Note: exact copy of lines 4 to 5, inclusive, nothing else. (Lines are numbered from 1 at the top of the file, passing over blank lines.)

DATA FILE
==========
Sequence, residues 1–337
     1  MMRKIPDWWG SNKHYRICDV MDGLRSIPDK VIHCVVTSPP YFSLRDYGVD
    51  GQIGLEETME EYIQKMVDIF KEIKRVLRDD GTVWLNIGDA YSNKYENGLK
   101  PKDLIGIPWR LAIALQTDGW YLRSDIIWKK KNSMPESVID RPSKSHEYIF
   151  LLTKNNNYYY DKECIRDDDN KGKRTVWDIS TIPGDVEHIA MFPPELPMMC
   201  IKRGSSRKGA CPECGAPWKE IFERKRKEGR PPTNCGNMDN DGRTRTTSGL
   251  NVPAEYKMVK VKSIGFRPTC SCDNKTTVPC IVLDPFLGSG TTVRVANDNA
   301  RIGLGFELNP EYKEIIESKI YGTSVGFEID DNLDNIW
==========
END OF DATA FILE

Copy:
   101  PKDLIGIPWR LAIALQTDGW YLRSDIIWKK KNSMPESVID RPSKSHEYIF
   151  LLTKNNNYYY DKECIRDDDN KGKRTVWDIS TIPGDVEHIA MFPPELPMMC